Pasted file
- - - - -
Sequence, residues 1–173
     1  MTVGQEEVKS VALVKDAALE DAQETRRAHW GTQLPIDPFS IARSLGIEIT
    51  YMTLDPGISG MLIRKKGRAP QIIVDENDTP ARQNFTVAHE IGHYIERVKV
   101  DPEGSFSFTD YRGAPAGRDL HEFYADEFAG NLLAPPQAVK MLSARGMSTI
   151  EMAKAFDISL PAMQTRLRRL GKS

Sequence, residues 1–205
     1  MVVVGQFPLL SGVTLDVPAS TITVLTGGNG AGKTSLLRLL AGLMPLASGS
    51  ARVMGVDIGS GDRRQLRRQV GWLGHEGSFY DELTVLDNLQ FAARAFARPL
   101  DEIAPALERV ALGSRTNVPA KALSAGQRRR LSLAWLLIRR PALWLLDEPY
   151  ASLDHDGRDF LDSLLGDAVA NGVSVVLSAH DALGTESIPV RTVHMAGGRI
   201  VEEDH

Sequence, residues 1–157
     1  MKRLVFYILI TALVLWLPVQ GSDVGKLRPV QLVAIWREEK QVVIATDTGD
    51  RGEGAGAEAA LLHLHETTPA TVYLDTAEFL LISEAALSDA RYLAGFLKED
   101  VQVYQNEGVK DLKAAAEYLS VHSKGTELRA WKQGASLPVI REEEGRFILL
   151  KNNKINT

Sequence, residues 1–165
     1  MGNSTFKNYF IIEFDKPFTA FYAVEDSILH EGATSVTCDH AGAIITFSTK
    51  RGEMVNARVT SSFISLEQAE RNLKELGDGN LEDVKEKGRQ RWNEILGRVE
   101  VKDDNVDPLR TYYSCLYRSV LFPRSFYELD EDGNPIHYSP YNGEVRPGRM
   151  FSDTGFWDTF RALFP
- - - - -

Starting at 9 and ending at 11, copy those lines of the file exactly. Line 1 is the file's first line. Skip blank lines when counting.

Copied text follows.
   101  DEIAPALERV ALGSRTNVPA KALSAGQRRR LSLAWLLIRR PALWLLDEPY
   151  ASLDHDGRDF LDSLLGDAVA NGVSVVLSAH DALGTESIPV RTVHMAGGRI
   201  VEEDH